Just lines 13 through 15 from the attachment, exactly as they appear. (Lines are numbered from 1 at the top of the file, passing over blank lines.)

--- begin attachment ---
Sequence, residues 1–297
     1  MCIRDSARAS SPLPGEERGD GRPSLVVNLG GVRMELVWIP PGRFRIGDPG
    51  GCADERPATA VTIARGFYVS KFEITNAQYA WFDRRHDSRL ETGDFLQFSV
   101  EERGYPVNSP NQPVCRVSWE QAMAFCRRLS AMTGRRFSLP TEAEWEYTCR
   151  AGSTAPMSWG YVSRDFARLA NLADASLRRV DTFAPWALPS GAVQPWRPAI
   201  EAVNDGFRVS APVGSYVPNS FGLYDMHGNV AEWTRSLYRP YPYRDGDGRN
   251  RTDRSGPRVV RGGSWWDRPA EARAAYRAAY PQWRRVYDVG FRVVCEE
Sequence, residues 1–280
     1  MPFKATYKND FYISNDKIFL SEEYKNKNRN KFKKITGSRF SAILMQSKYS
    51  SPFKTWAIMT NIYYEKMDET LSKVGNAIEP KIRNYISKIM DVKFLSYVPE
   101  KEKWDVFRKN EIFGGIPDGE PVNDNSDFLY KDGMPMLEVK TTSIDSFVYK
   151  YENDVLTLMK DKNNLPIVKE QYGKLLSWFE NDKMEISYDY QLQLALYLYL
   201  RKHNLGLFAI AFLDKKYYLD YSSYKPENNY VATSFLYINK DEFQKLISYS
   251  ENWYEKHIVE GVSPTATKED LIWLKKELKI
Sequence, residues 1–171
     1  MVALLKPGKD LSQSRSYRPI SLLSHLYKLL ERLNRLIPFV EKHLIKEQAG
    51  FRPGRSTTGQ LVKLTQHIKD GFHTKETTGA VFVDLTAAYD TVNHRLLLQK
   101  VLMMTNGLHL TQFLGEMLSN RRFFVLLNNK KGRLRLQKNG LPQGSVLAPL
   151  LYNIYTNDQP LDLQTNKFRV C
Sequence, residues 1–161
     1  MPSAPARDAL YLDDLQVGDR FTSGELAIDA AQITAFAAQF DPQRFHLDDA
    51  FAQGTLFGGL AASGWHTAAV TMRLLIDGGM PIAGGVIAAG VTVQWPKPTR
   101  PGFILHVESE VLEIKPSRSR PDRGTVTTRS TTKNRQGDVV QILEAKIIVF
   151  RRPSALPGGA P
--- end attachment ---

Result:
   201  RKHNLGLFAI AFLDKKYYLD YSSYKPENNY VATSFLYINK DEFQKLISYS
   251  ENWYEKHIVE GVSPTATKED LIWLKKELKI
Sequence, residues 1–171